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  1. #11

    Join Date
    Sep 2009
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    Light weight is not really the best quality for an enlarger, in my opinion.
    Dave

    "She's always out making pictures, She's always out making scenes.
    She's always out the window, When it comes to making Dreams.

    It's all mixed up, It's all mixed up, It's all mixed up."

    From It's All Mixed Up by The Cars

  2. #12

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    Durst made a very compact enlarger. Excellent little thing. It even has a glass negative holder.

  3. #13

    Join Date
    Dec 2010
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    Quote Originally Posted by imush View Post
    2. The next currently or very recently produced enlargers of more or less "domestic" size are LPL C6600/D6700.
    • Can anybody explain why the VC model can do 6x7 but the condenser can only house 6x6? LPL site seems to indicate that the only difference is in the light source, so the column and chassis are the same? Does it mean that if I buy the condenser model, I can then still use a dichro head to print 6x7?
    • Does it clip on and off the baseboard (for storage), or is it screwed on more or less permanently? If it is, how does the column reversal work?
    • Are there alignment screws? I cannot see it in online descriptions.
    The 6600 cannot illuminate a 6x7 film area. It is a 6x6 enlarger. It is simply how the head was designed. I believe the heads are interchangeable--I had the 6600 and it was a very nice enlarger that took up little space. It was very solid.

    For column reversal, you loosen the four bolts attaching the column to the bases and turn the column around and reattach it. The bolts screw into a metal plate under the baseboard and so disassembling it for storage should present no problems.

    I have also had an LPL 670 series enlarger. A little larger than the 6600, but fairly compact. The column is easily removable from the base. But it is a longer column.

    You cannot collimate/align the LPL enlargers. They are fixed, but also square, which means alignment is not required. (You don't expect to align your cameras, why do you expect to do it for an enlarger?)

    I also have a Beseler C23III. A very much larger machine--ideal for a permanent darkroom. For printing up to 11x14 (or even 16x20 [with the 670 series]), I do not see any advantage to it over the LPL enlargers.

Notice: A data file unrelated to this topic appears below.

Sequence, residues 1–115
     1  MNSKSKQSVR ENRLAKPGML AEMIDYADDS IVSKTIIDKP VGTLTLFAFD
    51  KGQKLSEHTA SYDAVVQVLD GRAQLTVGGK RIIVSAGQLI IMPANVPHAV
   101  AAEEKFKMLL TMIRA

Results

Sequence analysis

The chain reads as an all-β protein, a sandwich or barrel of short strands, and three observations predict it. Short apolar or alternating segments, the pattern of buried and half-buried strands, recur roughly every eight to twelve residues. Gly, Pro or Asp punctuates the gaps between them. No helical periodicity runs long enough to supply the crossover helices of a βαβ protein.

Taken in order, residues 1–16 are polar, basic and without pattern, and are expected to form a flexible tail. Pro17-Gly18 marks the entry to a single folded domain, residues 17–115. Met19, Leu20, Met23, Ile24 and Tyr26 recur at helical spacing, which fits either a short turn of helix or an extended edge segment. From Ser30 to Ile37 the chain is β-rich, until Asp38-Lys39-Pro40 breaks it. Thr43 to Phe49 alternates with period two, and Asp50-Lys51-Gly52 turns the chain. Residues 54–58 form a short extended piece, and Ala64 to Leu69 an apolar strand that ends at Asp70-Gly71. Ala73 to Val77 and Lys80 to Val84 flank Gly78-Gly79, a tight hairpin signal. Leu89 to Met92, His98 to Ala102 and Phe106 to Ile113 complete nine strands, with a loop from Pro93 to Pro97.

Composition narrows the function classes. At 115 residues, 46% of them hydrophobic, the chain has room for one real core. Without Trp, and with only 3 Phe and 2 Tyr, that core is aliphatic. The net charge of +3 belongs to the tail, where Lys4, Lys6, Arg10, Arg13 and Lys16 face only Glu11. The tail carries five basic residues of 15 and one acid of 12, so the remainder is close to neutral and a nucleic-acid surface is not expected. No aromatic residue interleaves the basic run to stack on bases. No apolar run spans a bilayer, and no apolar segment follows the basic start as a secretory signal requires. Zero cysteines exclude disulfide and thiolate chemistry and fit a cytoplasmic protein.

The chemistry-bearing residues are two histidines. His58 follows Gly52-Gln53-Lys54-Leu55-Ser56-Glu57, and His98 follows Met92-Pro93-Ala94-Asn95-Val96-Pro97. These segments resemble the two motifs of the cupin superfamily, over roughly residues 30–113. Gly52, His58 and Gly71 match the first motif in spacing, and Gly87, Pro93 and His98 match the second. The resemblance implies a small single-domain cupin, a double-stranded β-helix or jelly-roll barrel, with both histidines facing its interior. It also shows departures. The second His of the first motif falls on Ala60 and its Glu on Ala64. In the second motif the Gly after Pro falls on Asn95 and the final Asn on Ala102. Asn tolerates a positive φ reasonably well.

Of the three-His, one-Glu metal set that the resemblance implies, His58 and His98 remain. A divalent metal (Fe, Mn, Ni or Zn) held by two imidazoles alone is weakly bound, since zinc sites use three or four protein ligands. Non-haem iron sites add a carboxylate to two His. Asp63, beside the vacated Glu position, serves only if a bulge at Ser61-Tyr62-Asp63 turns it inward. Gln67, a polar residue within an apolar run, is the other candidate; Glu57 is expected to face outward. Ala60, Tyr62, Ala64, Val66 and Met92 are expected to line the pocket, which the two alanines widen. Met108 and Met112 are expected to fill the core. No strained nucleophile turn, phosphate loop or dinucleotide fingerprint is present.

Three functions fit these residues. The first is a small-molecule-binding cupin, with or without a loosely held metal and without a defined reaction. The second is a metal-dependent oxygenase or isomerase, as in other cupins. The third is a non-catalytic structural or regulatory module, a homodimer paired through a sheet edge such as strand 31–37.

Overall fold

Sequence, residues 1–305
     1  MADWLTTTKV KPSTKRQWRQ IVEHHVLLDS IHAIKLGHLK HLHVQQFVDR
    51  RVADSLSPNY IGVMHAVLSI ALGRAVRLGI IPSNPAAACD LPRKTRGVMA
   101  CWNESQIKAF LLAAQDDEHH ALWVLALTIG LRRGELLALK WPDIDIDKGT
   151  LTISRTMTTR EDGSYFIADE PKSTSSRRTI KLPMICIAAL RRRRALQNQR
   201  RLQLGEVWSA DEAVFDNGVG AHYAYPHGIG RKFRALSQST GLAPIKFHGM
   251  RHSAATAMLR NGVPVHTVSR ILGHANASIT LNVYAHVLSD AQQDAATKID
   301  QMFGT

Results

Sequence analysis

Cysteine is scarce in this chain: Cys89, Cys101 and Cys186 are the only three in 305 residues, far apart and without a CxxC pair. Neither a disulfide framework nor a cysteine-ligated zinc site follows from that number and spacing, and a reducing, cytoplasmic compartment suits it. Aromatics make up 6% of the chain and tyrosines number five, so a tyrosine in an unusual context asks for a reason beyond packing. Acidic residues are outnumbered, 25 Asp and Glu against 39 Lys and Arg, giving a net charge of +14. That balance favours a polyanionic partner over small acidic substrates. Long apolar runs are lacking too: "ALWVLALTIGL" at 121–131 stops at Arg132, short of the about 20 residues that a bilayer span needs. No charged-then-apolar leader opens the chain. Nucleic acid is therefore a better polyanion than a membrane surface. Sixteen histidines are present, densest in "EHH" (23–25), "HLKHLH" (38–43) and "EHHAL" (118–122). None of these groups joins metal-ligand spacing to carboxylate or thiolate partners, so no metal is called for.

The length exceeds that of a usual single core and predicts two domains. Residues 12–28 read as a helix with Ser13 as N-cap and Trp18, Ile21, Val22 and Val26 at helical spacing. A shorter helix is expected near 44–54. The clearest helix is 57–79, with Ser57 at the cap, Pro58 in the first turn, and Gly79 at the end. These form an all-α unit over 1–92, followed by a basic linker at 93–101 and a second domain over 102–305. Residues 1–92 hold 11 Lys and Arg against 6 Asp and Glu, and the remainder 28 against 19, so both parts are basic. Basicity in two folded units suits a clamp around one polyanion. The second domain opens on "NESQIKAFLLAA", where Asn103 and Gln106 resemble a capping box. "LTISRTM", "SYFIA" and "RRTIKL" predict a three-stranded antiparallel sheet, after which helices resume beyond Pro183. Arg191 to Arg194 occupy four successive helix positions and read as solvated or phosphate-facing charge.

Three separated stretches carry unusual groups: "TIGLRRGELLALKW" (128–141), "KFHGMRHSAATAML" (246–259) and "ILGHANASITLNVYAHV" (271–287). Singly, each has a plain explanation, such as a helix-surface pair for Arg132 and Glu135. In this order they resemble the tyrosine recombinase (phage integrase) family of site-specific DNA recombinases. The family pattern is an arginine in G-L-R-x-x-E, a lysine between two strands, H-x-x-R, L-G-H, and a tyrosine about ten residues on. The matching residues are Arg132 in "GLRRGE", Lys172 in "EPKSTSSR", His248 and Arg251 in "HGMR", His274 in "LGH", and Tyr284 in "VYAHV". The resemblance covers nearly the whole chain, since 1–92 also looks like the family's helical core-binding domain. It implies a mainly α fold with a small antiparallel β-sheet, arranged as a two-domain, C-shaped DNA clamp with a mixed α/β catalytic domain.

4. #14

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    Sep 2008
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    I have a nice Durst M800 that will do up to 6x9 and is quite compact. I'd let it go for $120 including a couple of condensors, a 50/2.8 El Nikkor and some other bits and pieces.

    -Ed

  5. #15
    Anscojohn's Avatar
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    The Omega C700 is a capable machine that should fill the bill. I used one for years in a bathroom set up. Just use a (homemade) foot switch and let the machine "settle down' after you are done focussing, etc. With the head all the way down, and a dust cover, it will fit in the bottom corner of a clothes closet.
    John, Mount Vernon, Virginia USA

  6. #16
    patrickjames's Avatar
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    Mar 2005
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    I don't see any reason to mess around with an average enlarger these days. Also if you are putting it on a cart, you will probably be more limited by the size of the cart than the enlarger. There are a lot of good enlargers out there, but there are far more mediocre ones. I personally would avoid the 23c and the Omega. Get either a Saunders or a Durst. The Saunders 670 VCCE is a really nice enlarger. Whatever you do, don't get chintzy on the lens! APO's are going for under $200 now. Heck, there are two Orthoplanars on fleabay right now for $600 if you really want a good lens. Don't forget the alignment tool either. Preferably, you could borrow one from someone nice and save a couple hundred bucks.

  7. #17

    Join Date
    Jul 2010
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    Minolta Color Enlarger II. Lightweight, well built, takes 6x7 and has excellent carriers. Bought it from the very first user for $90 with four carriers. Did many 16x24 prints with it.

  8. #18

    Join Date
    Jul 2006
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    Oklahoma, USA
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    I recommend a LPL 6600/6700 over the C-700. LPL products are modern, available used, and sturdy. The base board impacts the footprint and final print size. If your enlargements are limited to an image on 11x14 in paper, the LPL 6600/6700 will meet your needs. 6x7 should be considered for enlargements larger than 11x14. People consider using medium format but never follow through. Therefore, for small format, a Leitz 1C enlarger is a great choice if you want quality but a small footprint. Use a tripod, ISO 100/125 film, and great glass. At viewing distance you may seldom see much print quality difference viewing a 8x12 image printed on 11x14 in paper. That said, if your printing for an album and put your nose in the print or printing landscape MF is better.
    Last edited by Richard Jepsen; 02-01-2011 at 10:01 AM. Click to view previous post history.
    RJ

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